It’s been a tough year for the National Football League. There was renewed emphasis (for a while) on the devastating brain damage caused by repeated concussions. Then there was the Ray Rice domestic violence incident. And then there was the Adrian Peterson child abuse incident. And now there’s the Aaron Hernandez trial for murder and weapons charges that started a couple days ago. All these scandals added up to big, bad publicity . . . so much so that the Fiscal Times noted in a recent headline that these incidents “Rocked the NFL.”
Then there was deflate-gate, the ridiculousness that led us to wonder if our football heroes might just be a bunch of cheats.
Through all these scandals the NFL has continued laughing its way to the Bank with obscene gobs of money that could be used to wipe out Ebola or end child abuse. Last year, NFL commissioner Roger Goodell made about $44 million. Vegas odds are that he’ll do better this year. Super Bowl advertisings are doing just fine, thank-you. And Katy Perry may or may not have a wardrobe malfunction tomorrow evening, but you can bet there will be millions of viewers. The NFL is right on pace to increase its economic worth to something well over being a $9 billion dollar industry. Not bad. Talk about Teflon.
It’s clear the situation is hopeless and that the Juggernaut that is the NFL will stroll into the future without substantially addressing anything that might be remotely linked to a social virtue. Nevertheless, I can’t stop cheering for underdogs, and that leaves me with an array of dreams that are so silly that I’m embarrassed to admit them. That said, I’ll go ahead and embrace my embarrassment and tell you what I’m watching for tomorrow.
I’ll be watching to see how many advertising bucks are used to promote domestic violence or child abuse prevention. Will we see NFL players, coaches, owners, and the commissioner go on record to support sexual assault prevention? Might there be room for the tiniest of sprinklings of valuable educational public service announcements during the four hour Super Bowl feast?
I think not; but I hold out hope.
And here’s my biggest irrational wish. I’m wishing for the NFL to provide educational information about the dangers of corporal punishment. Adrian Peterson said something to the effect that all he did was send his kiddo out to get a stick so he could beat him with it, just like his Momma did to him. Peterson was talking about our great American tradition of believing that it’s a good thing for parents to hit their children.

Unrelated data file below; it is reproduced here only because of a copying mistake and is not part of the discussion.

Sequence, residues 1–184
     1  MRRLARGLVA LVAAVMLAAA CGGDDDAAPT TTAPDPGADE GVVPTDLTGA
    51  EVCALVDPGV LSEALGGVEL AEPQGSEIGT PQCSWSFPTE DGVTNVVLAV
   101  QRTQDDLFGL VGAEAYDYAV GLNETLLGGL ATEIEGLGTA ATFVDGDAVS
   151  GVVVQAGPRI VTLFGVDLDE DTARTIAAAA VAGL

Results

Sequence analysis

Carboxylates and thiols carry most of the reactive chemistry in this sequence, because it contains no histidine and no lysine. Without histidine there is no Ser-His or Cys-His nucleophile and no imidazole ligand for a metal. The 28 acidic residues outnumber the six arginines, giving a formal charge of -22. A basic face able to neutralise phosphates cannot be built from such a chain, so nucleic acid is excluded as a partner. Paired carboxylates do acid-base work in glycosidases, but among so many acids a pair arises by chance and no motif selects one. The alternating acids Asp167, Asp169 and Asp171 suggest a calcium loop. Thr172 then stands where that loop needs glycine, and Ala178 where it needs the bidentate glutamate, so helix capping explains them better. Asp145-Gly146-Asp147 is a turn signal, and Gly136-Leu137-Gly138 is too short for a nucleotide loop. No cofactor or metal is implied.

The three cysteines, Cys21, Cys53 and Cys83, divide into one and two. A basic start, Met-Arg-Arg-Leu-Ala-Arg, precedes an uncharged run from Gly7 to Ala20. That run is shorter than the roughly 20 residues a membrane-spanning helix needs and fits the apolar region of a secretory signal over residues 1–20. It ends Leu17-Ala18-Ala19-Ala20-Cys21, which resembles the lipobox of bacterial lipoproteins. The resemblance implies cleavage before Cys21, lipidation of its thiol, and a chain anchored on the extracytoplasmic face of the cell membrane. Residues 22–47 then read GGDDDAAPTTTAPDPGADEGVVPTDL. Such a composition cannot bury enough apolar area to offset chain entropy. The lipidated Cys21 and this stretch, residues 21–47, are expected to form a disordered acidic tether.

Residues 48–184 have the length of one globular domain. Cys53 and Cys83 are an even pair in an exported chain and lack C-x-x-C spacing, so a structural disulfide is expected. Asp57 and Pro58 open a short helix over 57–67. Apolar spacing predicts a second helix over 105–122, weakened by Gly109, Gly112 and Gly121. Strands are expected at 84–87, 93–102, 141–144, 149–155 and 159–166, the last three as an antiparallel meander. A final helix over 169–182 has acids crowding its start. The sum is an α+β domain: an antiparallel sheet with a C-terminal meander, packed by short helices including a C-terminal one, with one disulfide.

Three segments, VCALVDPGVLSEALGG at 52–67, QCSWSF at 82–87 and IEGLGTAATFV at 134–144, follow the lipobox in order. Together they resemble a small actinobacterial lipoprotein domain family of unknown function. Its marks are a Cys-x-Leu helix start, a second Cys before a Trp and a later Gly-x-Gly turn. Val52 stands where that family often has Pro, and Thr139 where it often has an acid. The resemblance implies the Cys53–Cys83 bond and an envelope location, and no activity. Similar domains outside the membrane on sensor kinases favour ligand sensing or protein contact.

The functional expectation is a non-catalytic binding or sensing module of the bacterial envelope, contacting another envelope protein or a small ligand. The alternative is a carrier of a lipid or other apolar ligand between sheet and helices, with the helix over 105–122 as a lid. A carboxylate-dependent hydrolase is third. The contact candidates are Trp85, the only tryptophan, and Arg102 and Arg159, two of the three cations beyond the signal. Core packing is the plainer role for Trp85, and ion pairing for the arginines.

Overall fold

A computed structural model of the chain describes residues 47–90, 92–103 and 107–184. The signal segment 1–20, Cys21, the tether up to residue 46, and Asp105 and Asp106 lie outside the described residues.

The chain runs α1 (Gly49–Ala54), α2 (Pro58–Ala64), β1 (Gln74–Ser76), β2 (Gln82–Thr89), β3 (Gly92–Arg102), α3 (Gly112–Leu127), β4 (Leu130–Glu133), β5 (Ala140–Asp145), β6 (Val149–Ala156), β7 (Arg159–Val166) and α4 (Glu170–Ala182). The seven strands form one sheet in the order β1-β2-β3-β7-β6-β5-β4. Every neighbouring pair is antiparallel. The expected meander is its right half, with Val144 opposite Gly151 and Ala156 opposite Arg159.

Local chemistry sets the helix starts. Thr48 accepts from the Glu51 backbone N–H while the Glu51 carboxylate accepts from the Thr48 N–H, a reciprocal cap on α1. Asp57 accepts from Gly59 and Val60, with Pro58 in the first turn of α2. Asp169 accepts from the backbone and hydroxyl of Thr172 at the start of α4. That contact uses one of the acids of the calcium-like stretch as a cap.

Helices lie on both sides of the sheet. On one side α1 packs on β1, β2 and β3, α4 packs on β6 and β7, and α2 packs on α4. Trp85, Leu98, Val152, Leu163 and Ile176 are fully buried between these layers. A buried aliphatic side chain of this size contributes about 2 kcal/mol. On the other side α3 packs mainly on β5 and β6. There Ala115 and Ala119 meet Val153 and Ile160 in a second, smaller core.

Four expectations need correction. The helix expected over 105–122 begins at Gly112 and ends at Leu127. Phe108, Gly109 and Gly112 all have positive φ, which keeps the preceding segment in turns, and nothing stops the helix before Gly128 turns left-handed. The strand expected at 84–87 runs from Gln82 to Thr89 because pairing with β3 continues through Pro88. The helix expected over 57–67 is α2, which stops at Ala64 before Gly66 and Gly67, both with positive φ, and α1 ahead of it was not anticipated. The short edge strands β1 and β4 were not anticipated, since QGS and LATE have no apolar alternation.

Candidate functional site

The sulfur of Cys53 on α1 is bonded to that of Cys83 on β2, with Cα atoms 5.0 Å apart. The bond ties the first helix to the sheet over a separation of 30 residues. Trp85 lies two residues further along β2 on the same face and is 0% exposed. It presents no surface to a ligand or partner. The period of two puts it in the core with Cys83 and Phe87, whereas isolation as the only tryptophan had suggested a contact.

Even more disturbing than the single Adrian Peterson incident is the fact that during a typical 4 hour time period (about the length of the Super Bowl broadcast) there are approximately 1,500 reports of child abuse . . . and so maybe, just maybe, we could use a little NFL-sponsored education here.
But what really smacks my pigskin is the fact that Adrian Peterson’s parenting philosophy is still alive and well on the internet. In particular, it’s featured on the website of Christian “parenting expert” James Dobson. Seriously. It’s on a Christian-based website. This is stunning not only because there’s a truckload of science telling us that hitting kids is linked to bad outcomes, but also because it’s pretty difficult to imagine the Jesus that I read about in the Bible hitting children with a stick . . . or advocating the hitting of children with a stick.
Now that it’s the 21st century and time for Super Bowl XLIX, shouldn’t we know better? Shouldn’t we know that we shouldn’t send our kids out to get sticks so we can beat them? Come on NFL . . . just share that fun fact. Just come out and say you don’t support beating children . . . and how about you take 0.001% of your net worth and use it to launch an educational campaign that will teach parents what to do instead of hitting kids.
That’s what I’ll be watching for tomorrow . . . if I can manage to stomach turning on the game at all.